On the final day of the symposium, the 15th, Rebecca Copeland (Professor, Washington University in St. Louis) began a presentation on Chiyo Uno. The topic of Copeland’s talk was Uno’s short story “This Powder Box.” Copeland discussed the story’s narrator as a character depicted such as to legitimize Uno’s own life as a single woman. Sharalyn Orbaugh (Professor, University of British Columbia) used her presentation to consider how to understand the passiveness of women in Japanese society in relation to concepts such as a “protagonist” and “protagonism,” using the life of the historical figure Shizuko Nogi as an example. Julia Bullock (Associate Professor, Emory University) gave a presentation in which she explored the significance from a feminist perspective of the short story “Gyakukōsen” by Kunie Iwahashi and the novel Banka by Yasuko Harada—works that currently are not nearly as well-known as Shintaro Ishihara’s novel Season of the Sun but that were described as representing the female manifestation of the taiyōzoku rebellious youth subculture featured in Ishihara’s novel and were the topic of much discussion when they were first published. Julia Clark (PhD Candidate, UCLA) spoke about the literature of zainichi Koreans and, in particular, the female writer Chong Chu-wol. Clark focused on the area in Osaka called Ikaino that appears in Chong’s works and discussed the issues of gender, class, and ethnicity that the author’s texts pose. Hitomi Yoshio (Associate Professor, Faculty of Letters, Arts and Sciences, Waseda University) focused on the community among women found in Mieko Kawakami’s short story “Dreams of Love, etc.” and short fiction collection Wisteria and Three Women and considered how such communities are depicted as things that are fantastic, temporary, or of the past. Grace En-Yi Ting (Post-Doctoral Fellow of the Japan Society for the Promotion of Science, Waseda University) drew attention to how the special “Women Edition” of the literary journal Waseda Bungaku, published in 2017, included the voices of women of nationalities other than Japanese and discussed the possibilities for feminist developments in Japanese studies. The final speaker, Kazue Harada (Assistant Professor, Miami University [Oxford, Ohio]) tackled Sayaka Murata’s novel Shōmetsu Sekai, interpreting the text as asking pointed questions about the realities of Japan’s heterosexist familial and political systems.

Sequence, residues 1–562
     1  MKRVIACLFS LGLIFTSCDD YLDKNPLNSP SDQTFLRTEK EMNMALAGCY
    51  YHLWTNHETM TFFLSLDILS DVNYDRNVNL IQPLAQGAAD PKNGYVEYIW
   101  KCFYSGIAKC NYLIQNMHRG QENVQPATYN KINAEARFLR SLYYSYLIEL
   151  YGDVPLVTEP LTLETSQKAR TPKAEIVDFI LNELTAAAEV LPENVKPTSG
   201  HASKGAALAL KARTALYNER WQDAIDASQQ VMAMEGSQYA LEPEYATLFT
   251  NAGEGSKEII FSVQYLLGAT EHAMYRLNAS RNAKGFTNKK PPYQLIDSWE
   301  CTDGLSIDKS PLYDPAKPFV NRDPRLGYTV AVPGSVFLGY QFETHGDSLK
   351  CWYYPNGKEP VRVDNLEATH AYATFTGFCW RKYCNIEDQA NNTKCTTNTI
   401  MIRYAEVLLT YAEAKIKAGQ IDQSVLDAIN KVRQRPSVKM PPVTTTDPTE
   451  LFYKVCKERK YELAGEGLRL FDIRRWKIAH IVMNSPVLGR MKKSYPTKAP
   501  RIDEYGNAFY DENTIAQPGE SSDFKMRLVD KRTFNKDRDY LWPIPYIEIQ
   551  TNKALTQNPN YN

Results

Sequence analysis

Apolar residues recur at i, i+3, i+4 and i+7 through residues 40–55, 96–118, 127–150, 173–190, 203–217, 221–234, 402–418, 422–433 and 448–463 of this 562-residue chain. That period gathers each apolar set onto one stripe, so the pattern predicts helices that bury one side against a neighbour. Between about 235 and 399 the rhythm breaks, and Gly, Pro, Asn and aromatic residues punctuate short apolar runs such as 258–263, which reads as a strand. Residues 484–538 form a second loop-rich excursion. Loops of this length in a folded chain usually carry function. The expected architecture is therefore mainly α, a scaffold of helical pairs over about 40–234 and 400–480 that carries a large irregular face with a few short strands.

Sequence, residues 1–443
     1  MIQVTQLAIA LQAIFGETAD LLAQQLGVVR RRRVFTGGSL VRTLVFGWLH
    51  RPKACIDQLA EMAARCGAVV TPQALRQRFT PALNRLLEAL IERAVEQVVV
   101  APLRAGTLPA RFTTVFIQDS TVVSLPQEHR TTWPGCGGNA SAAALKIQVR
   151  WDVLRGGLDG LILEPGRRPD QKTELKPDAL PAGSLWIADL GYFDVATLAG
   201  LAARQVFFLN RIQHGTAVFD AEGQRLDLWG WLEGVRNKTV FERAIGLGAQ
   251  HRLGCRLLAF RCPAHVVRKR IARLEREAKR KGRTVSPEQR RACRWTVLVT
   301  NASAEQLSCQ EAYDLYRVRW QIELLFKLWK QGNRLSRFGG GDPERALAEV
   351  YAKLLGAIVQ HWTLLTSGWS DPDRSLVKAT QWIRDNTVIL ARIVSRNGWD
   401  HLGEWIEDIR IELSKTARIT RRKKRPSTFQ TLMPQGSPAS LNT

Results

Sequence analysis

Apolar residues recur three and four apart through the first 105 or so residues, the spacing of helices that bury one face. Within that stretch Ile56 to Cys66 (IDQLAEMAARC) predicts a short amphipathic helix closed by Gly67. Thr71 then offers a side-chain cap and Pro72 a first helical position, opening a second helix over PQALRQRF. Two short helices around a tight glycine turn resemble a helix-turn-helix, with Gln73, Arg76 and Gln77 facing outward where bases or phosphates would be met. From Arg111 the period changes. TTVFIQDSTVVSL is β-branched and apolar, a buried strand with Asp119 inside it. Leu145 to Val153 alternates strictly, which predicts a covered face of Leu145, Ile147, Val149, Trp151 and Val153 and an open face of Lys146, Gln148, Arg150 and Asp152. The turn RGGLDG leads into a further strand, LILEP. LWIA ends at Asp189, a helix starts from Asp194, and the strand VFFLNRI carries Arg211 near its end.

The symposium was extremely productive: Each speaker who appeared during the event after Laffin’s first presentation on day one seemed to be speaking in dialog with that initial presentation. In the discussions that took place between the presentation sessions, each presenter was, of course, asked many specific questions relevant to each of their individual presentations. However, it was impressive how a lively debate developed based on a shared consciousness of the issue of what to pay attention to while proceeding with various research about Japan in an age in which key words such as “women,” “gender,” and “feminism” abound in various media—the Internet, television, newspapers, and so forth—and yet in which the world is still steeped in numerous problems.
On the morning of the 13th, prior the symposium proper, graduate students from Waseda University, UCLA, and institutions around the world—including elsewhere in the US, the Philippines, Vietnam, Germany, Israel, and Canada—assembled for a roundtable titled “Woman in the Field.” The participants, whose total number was around 30, split up into groups of four or five and discussed their attitudes toward, and thinking about, their studies and the problems they face daily as postgraduates aspiring to conduct research. After the talks in each group, there was an overall discussion at the roundtable about various issues, including those relating to the general theme of the symposium, gender, as well as those of race, regional inequality, and globalization. A variety of views were expressed regarding these issues, and the roundtable turned out to be a truly meaningful time shared among the participants.
The symposium dealt with the topic of Japanese studies. Nevertheless, it was a tremendously precious opportunity for researchers and students with diverse backgrounds in terms of specific fields of study, gender, nationality, country of residence, age, and views to receive considerable intellectual stimulation from one another.